- telegraph cable ship
telegraph cable ship means a ship registered in any country and used exclusively for the laying or repairing of oceanic telegraph cables. (navire poseur de câbles télégraphiques)
(2) In these Regulations, the words alcohol, beer, cigar, cigarette, excise warehouse, manufactured tobacco and stamped have the same meaning as in the Excise Act, 2001.
- SOR/99-159, s. 1
- SOR/2003-394, s. 1
- SOR/2009-195, s. 1
3 (1) The classes of goods described in column II of an item of the schedule are hereby designated as ships’ stores for use on board a conveyance within any class of conveyance described in column I of that item, subject to any applicable limitation set out in a note at the end of the schedule.
(2) For the purpose of subsection (1), goods are considered to be used on board a conveyance if they are
(a) goods that are consumed in the operation and maintenance of the conveyance;
(b) goods that are consumed by a person on board the conveyance;
(c) souvenirs, gifts, edible supplies, wines, spirits, ales, beers, domestic or imported cigars or domestic stamped manufactured tobacco or imported manufactured tobacco that are sold on board the conveyance, unless it is a Canadian warship that is described in column I of subitem 3(1) of the schedule, for consumption outside Canada; or
(d) goods described in column II of subitem 3(1) of the schedule that are sold on board a Canadian warship that is described in column I of that subitem 3(1)
(i) within 30 days after the date on which the conveyance arrived in a Canadian port, or
(ii) for consumption outside Canada.
(3) A master of a Canadian warship described in subitem 3(1) of the schedule shall, on the 31st consecutive day of the period in which that Canadian warship is docked in a Canadian port,
(a) advise the nearest customs office in writing that the Canadian warship is remaining in port longer than 30 consecutive days; and
(b) prepare a written inventory of the wines, spirits, ales, beers, and domestic or imported cigars or domestic stamped manufactured tobacco or imported manufactured tobacco remaining on board at the end of the 30th day of that period.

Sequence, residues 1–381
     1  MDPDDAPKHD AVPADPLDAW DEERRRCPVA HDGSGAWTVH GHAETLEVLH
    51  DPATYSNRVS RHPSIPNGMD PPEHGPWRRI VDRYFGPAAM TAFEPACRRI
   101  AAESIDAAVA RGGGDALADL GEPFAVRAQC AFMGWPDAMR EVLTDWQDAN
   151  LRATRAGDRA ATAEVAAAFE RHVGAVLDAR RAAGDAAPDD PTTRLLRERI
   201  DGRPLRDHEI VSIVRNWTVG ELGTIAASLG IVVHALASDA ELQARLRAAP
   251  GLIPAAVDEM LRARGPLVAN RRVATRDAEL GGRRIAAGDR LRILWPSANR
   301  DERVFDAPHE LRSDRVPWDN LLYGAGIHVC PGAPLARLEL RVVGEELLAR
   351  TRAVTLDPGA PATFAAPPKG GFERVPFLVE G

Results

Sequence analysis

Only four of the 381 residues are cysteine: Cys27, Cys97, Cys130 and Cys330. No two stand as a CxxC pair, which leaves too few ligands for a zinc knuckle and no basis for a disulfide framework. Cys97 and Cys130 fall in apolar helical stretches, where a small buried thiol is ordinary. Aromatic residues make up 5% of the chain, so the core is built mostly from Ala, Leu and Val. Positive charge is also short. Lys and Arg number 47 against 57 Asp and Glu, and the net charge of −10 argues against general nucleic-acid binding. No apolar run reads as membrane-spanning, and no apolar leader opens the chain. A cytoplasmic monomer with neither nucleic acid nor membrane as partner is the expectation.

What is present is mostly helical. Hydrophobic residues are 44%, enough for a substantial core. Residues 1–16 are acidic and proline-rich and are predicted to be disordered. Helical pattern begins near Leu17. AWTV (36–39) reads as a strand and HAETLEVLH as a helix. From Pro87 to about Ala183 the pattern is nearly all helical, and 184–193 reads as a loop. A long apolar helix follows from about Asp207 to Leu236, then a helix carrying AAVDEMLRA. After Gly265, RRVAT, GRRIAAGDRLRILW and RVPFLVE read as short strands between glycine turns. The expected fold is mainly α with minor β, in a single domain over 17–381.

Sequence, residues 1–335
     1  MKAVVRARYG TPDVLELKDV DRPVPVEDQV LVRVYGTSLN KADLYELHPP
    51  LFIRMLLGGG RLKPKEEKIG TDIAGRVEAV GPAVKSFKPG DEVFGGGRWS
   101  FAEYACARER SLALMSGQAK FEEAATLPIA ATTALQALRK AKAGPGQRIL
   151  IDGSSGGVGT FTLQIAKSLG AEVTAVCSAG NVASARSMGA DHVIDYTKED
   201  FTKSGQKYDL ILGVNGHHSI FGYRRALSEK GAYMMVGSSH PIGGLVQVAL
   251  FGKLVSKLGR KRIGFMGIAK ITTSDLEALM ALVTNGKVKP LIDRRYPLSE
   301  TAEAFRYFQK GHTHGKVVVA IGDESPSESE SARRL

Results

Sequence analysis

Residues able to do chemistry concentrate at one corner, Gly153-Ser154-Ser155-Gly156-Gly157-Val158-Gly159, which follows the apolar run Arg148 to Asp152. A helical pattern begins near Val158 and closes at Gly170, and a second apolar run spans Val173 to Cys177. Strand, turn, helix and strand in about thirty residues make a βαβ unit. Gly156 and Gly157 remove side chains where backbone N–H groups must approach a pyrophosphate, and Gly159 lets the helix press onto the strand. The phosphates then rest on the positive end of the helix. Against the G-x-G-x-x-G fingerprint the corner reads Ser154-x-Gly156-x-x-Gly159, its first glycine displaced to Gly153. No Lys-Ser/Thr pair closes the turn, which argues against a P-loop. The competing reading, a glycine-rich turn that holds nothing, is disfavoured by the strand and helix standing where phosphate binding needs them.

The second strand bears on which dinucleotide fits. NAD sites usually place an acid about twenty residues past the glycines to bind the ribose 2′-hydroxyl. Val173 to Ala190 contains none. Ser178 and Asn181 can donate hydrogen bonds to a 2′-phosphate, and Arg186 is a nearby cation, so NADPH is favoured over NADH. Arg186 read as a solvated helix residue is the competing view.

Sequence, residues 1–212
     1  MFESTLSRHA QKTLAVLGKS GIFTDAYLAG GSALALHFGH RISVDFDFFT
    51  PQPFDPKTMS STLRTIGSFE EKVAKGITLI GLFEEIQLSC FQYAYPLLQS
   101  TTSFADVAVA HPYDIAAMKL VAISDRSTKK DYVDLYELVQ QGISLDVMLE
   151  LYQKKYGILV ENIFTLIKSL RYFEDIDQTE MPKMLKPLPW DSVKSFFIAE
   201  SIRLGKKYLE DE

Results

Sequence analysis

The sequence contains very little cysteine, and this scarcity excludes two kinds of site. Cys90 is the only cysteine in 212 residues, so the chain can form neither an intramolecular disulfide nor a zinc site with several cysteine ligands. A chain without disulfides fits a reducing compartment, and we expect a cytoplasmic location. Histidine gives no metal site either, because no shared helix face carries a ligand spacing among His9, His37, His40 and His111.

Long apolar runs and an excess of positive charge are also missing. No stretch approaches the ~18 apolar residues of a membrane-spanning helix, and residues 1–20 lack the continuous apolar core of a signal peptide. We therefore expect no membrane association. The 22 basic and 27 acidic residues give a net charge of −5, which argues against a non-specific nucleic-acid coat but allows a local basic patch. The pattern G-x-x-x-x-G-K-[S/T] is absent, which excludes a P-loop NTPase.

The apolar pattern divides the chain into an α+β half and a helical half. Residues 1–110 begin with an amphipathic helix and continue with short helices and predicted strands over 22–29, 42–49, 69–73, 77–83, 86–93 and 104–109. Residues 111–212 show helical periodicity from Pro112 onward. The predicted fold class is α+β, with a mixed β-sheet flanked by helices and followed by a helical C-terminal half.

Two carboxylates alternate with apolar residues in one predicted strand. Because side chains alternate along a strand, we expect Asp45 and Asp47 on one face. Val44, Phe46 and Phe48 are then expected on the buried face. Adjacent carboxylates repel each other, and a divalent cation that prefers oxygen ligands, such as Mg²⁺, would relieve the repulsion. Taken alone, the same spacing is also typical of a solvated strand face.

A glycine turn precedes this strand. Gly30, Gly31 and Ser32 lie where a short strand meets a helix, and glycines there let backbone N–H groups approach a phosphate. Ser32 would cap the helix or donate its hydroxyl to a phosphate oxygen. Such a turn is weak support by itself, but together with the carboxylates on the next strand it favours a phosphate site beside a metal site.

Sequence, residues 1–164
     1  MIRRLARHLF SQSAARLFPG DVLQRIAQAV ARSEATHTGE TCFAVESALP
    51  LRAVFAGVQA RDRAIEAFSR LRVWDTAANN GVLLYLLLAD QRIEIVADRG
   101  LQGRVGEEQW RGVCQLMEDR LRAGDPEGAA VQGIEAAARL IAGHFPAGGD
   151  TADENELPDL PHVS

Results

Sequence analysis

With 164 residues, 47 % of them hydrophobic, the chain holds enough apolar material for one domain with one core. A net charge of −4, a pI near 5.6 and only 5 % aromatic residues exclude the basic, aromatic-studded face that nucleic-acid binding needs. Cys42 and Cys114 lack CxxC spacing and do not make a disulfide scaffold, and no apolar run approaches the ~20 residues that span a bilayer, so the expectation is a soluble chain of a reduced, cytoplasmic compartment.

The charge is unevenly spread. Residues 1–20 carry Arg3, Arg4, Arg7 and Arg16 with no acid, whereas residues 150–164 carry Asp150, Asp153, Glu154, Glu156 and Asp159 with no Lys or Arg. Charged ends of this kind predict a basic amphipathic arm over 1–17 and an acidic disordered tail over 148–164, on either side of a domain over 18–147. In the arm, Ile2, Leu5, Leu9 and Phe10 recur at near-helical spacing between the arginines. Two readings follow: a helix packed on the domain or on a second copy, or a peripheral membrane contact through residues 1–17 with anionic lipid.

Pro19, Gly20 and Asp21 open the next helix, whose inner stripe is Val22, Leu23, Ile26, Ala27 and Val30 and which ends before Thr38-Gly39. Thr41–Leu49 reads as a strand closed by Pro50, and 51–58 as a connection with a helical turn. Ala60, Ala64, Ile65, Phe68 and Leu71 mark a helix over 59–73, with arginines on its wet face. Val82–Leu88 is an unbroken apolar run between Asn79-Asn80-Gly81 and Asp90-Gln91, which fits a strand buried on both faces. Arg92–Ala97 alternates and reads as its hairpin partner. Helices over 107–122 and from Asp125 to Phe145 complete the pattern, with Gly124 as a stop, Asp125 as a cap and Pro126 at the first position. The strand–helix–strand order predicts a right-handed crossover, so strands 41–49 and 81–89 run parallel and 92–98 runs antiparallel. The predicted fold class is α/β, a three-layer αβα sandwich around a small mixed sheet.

- SOR/2003-394, s. 2
4 When a ship arrives at a Canadian port, the master of the ship shall place alcohol, tobacco and other goods for sale on board the ship under lock or seal, and shall keep them there while the ship is in the port, except where otherwise authorized by an officer.
5 (1) Subject to subsection (2), when an international aircraft is on the ground, the carrier shall ensure that bar-boxes on board are sealed.
(2) Seals on bar-boxes on an international aircraft may be broken when passengers begin boarding and, provided that no domestic passengers are carried, may remain unsealed where the aircraft is progressively boarded at more than one airport in Canada.
6 Stores for use on board a conveyance shall remain sealed when the goods are moved to the conveyance from a bonded warehouse or to a bonded warehouse from the conveyance.
7 While in Canada, a conveyance described in column I of item 2 of the schedule shall not take on ships’ stores that are to be transferred to a ship engaged in fishing, sealing or whaling outside Canada.
- SOR/2003-394, s. 3(F)
8 Authorization of delivery of ships’ stores to a conveyance may be refused by an officer where the master, an officer or a crew member of the conveyance has failed to comply with these Regulations.